A photograph is commonly understood to act as a window, crystallizing a subject or moment in time. Artist Marco Breuer, however, subverts this traditional understanding of the medium, exploring the inherent limitations of photographic materials rather than using them to record the world outside. His work employs radical techniques that do not rely on the use of a camera, aperture, or film, and investigates the potential of the photograph as an object unto itself, beyond its ability to represent notions of external reality. [Read more…] about Marco Breuer on the photograph as object
New York-based artist Penelope Umbrico’s photographic works explore the relationships between modern technology and professional photography, the widespread availability and consumption of internet images. [Read more…] about Artist Penelope Umbrico finds photographic inspiration in the digital age
Internationally-renowned American photojournalist David Douglas Duncan celebrates his 100th birthday on January 23. For decades, Americans at home and abroad learned of world events as they unfolded before Duncan’s camera, first during his service as a combat photographer with [Read more…] about David Douglas Duncan at 100: A month of tributes to David Douglas Duncan in honor of his 100th birthday—Part 1
Before the invention of plastics, glass and paper were used to produce black and white photographic negatives. Glass plates with gelatin emulsion were produced from the late- nineteenth century until the mid-twentieth century. The transparency of glass made the plates very [Read more…] about A positive outcome for a glass plate negative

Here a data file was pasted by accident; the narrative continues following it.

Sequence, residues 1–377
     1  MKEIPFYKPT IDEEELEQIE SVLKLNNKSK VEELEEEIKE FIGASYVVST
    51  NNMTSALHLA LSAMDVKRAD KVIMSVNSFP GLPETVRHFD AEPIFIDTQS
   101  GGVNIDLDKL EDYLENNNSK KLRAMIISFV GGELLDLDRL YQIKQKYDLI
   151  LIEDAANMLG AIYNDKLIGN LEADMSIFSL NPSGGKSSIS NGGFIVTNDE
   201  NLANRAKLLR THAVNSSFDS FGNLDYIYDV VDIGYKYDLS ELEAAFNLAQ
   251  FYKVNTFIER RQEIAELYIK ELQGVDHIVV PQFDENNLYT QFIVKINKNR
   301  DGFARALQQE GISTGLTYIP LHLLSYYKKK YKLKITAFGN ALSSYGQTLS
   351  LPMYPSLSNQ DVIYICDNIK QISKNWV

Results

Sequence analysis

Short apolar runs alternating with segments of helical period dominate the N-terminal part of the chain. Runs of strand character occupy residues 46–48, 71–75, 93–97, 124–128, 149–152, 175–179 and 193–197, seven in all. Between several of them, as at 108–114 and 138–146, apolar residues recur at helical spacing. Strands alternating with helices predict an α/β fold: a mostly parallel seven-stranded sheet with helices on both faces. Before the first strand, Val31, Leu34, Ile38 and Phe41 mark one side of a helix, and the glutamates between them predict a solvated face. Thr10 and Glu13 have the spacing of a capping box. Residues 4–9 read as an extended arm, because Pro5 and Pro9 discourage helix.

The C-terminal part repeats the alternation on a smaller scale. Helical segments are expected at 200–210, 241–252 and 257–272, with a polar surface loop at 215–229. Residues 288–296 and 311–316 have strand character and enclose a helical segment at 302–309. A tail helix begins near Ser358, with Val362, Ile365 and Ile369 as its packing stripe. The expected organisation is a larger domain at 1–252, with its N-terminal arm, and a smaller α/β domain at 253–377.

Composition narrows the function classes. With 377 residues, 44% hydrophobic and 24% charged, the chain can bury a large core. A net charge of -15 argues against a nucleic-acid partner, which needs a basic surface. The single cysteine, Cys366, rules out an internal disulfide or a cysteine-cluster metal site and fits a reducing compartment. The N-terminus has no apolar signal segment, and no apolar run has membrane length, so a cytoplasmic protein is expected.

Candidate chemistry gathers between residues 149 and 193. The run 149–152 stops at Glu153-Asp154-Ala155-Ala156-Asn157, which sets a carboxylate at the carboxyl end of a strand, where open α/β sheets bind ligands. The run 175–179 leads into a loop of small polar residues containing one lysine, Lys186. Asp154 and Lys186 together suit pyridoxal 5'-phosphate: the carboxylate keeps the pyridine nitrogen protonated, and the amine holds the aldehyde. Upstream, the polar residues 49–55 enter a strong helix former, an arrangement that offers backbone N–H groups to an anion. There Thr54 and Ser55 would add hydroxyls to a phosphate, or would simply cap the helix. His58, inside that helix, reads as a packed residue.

The Ransom Center’s photography collection contains more than 100 photographs attributed to distinguished nineteenth-century photographer O. G. Rejlander. One print is a portrait of Olivia Bennet, The Countess of Tankerville. Researcher Lori Pauli visited the Ransom Center to study the portrait, and she reflected on the possible intersection of the lives of photographer and subject in a story which originally appeared in the Fall 2014 Random Edition newsletter.
The Harry Ransom Center’s renowned photography collection includes the only known print of a portrait of Olivia Bennet, The Countess of Tankerville, by distinguished nineteenth-century photographer Oscar Gustave Rejlander. This portrait is among more than 100 photographs attributed to Rejlander (British, b. Sweden, 1813?–1875) in the Ransom Center’s photography collection. Most are spread among four albums: one that formerly belonged to the British painter William Lake Price (1810–1896); another previously owned by British artist Cecil Gordon Lawson (1851–1882); a third known as the “Riglander” album; and the last an album compiled by writer Charles L. Dodgson (1832–1898), more famously known as Lewis Carroll. There are also ten loose prints attributed to Rejlander in the collection.